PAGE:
(13) U.S. Civilian Volunteers who Actively Participated in the Defense of Bataan (WW II) (2/7/84); and
(14) U.S. Merchant Seamen who Served on Blockships in Support of Operation Mulberry in the Normandy Invasion (WW II) (10/18/85).
The decisions setting forth the facts and rationale for the Board's favorable recommendations of these groups are, on average, one to two pages long, single-spaced. See Complaint, Exhibits A-N.
The first group approved, not surprisingly, was the Women's Airforces Service Pilots (WASPs). Complaint, Exhibit A. That organization consisted of women pilots, responsible primarily for ferrying military aircraft within the continental United States and Canada. In support of its recommendation that this service be considered active military service, the Board concluded that the WASPs' functions "were essentially identical to any military pilot assigned to the Ferrying Division, Air Transport Command." Id. at 1.
The Board also concluded that the WASP organization was integrated into a military command and control system, although it did not explain the features of that integration. Of all the factors, however, the Board placed greatest emphasis on the expectations of military officials, concluding that "[t]he military leaders of the day would appear to have had no doubt the WASP service was military. . . ." Id. at 2.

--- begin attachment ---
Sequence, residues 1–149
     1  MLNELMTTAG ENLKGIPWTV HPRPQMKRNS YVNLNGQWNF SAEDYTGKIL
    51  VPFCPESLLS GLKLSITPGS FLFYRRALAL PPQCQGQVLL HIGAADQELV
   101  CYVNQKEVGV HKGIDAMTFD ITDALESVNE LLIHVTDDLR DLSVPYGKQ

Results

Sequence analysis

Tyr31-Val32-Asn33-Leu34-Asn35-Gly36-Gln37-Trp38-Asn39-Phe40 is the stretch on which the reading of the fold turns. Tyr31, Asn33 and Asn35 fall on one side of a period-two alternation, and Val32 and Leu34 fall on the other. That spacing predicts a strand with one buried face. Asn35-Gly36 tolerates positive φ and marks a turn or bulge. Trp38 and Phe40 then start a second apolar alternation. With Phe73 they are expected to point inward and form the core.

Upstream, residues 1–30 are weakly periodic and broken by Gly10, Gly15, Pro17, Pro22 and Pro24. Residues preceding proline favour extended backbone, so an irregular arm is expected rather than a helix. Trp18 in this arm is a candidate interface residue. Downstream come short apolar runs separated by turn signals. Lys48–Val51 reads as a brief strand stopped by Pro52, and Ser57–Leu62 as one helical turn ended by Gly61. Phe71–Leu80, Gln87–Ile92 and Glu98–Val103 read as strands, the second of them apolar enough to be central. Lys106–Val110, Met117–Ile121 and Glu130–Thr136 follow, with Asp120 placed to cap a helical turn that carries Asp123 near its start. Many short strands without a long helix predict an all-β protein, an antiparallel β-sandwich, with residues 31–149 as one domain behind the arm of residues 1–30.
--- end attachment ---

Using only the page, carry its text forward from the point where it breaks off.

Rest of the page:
Another successful applicant group was the Signal Corps Female Telephone Operators Unit. Complaint, Exhibit B. Women in this Unit operated telephone switchboards in 75 cities in France and England during World War I. In an opinion slightly more than one page long, the Board recommended that their service be deemed active military service. In full, the Board reasoned:
The female telephone operators were recruited for their unique skills which were deemed necessary to improve the operating efficiency of the military telephone system of the [American Expeditionary Forces].
With the exception of those in training or en route at the time the group was deactivated, they served overseas with the Army.
Availability of the female operators theoretically released soldiers for combat or telephone operators for service at more dangerous locations.